• Notable increase in W. Corn belt, followed by E. Corn belt and C. Plains.

    • Total: 24 mmt or about 10% of corn production



Trade and agriculture policies
Trade and Agriculture Policies Region to 2010

  • Model includes the impacts of

    • Domestic subsidies

    • Export subsidies

    • Import tariffs

    • Import restrictions/relations

      • US/Canada on wheat

      • Mercursor

      • Other minor

  • Data: Agricultural Market Access Database (www.amad.org)



Import tariffs
Import Tariffs Region to 2010


Modal rates rail
Modal rates: Rail Region to 2010

  • Barge

  • Truck

  • Ocean

  • Changes in modal rate competitiveness

  • Barge delay functions and restrictions

  • Competitive routes and arbitrage


  • Modal rates ocean rates
    Modal Rates: Ocean Rates Region to 2010

    • Data

      • Maritime Research Inc

      • 1994-2004

      • Distances derived for each route

      • Pooled 7000+ observations

    • Rates used

      • Generated from regression

      • R=f(Size, Miles, Oil, Dummies, trend)

      • See p. 68

      • See projections as well


    Rail rates
    Rail rates Region to 2010

    • Confidential waybill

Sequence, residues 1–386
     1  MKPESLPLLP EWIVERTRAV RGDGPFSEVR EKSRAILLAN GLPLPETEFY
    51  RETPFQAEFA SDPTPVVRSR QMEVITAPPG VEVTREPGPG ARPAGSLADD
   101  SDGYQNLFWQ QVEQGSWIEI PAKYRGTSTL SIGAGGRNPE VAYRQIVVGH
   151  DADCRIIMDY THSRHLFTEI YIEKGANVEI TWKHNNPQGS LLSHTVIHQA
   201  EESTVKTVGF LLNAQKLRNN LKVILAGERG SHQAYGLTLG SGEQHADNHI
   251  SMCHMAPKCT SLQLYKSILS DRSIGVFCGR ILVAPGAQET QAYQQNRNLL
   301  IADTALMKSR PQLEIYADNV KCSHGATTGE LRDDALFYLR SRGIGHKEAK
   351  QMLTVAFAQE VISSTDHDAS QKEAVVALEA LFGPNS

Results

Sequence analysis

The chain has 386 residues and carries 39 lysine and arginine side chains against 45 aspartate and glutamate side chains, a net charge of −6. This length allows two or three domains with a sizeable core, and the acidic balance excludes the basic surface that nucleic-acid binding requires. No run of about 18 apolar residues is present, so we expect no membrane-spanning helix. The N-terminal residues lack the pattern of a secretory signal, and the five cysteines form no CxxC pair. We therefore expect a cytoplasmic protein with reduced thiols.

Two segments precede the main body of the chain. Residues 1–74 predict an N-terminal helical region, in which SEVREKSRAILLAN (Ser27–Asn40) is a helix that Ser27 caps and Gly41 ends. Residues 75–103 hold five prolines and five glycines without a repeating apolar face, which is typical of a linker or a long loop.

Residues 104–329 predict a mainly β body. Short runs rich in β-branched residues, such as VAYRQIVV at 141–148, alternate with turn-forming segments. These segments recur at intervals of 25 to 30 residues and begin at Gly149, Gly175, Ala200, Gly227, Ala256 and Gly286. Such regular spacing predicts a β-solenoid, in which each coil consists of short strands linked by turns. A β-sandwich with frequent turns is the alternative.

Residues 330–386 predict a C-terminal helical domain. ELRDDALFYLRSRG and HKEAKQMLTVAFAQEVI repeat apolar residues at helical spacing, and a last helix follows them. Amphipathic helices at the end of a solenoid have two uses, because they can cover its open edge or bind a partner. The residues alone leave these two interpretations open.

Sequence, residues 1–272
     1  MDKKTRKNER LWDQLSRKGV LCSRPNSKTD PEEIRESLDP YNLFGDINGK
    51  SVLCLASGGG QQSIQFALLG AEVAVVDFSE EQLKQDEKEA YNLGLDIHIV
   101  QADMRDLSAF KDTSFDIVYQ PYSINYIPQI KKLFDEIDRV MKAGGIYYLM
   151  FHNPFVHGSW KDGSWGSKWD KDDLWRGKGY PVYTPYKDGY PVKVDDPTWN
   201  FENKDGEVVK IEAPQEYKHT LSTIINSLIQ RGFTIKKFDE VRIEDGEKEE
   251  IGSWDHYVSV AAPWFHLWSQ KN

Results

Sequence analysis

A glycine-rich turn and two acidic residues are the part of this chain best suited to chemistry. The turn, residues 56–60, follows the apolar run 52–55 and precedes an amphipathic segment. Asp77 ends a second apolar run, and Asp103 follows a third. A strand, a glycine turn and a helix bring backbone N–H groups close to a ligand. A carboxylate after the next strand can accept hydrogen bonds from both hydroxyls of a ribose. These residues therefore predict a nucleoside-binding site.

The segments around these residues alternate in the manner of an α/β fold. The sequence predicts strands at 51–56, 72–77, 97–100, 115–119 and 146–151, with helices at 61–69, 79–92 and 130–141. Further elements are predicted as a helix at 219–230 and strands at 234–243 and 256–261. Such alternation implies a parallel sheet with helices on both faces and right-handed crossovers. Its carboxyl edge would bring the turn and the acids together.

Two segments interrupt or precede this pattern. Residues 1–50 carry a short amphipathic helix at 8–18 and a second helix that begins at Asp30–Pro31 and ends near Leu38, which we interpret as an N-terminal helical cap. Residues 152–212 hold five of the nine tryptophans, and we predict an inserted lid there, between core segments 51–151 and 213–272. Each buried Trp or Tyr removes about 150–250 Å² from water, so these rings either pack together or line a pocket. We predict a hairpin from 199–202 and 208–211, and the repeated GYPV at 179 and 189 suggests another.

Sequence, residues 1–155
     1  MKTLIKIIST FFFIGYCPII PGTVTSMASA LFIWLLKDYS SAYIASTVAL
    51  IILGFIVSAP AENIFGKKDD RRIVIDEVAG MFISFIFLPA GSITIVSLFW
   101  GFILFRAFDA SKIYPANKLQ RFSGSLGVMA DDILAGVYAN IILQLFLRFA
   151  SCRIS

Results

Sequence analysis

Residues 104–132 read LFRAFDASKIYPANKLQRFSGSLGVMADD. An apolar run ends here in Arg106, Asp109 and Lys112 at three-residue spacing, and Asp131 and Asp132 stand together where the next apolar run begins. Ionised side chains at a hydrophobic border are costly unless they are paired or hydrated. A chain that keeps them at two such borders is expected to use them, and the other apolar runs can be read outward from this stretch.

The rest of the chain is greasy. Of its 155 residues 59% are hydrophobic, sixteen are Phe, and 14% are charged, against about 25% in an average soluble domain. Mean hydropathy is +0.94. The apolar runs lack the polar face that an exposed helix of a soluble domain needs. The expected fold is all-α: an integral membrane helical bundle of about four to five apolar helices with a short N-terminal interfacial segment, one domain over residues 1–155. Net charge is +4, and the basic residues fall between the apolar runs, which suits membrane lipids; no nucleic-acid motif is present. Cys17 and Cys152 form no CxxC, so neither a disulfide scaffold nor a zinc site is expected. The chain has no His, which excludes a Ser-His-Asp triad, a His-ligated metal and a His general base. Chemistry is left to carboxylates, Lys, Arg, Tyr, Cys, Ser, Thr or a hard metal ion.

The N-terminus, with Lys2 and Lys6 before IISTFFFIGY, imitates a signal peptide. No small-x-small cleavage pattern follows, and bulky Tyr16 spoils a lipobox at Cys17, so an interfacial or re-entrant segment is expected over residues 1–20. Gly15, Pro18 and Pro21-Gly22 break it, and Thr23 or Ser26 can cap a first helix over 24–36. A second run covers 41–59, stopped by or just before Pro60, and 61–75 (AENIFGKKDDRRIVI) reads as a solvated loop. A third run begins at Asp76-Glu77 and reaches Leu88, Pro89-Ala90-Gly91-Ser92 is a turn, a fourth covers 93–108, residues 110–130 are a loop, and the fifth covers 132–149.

• 1995-2002

      • Regions redefined on be compatible with flows

      • Concern:reporting of flows/rates from this data

    • Matrixes developed for each crop

      • Domestic

      • Export

    • Missing observations

      • Either non-movement, or, non-reported movement

      • Replaced during projection period with “estimated” rate function

        • Estimated to reflect a consistent relationship with contiguous rates

        • See text p. 46-……

      • Specifications

        • R=f(Distance, distance to barge, spread (pnw-gulf)

        • R=f(distance)





    Truck rates
    Truck rates Loading Regions, 2002

    • Used to allow for truck to barge shipping locations

    • Distance matrix estimated:

      • centroid of each prod region to export and barge loading regions, and domestic regions

    • Rate function derived from trucking data from USDA AMS

      • 4th Qtr 2003 to 3rd qtr 2004.



    Barge rates
    Barge Rates and Cost/mt

    • Data source

      • USDA AMS

      • For each reach

    • Adjustments

      • Draft adjustments for above/below St. Louis (see p. 54)



    Handling fees
    Handling Fees and Cost/mt

    • Separate handling fees imposed for additional costs of selected movements

      • Barges

      • Great Lakes




    Selected comparisons rail barge via reach 1 vs rail barge direct
    Selected Comparisons: and Cost/mtRail/Barge via Reach 1 vs. Rail/Barge Direct

    • Problem

      • Rail rates from origins to local barge points vs. St. Louis (Reach 1)

        • Rates to St Louis have declined selectively

        • In some cases, lower in absolute value than the local Reach

    • Analysis: For comparison

      • Derive comparative rail advantage of rail to reach 1 and then barge; vs., Rail to local reach (3 or 4) and then barge

      • 2002 barge rates for comparisons

        • Reach 1 4.99/mt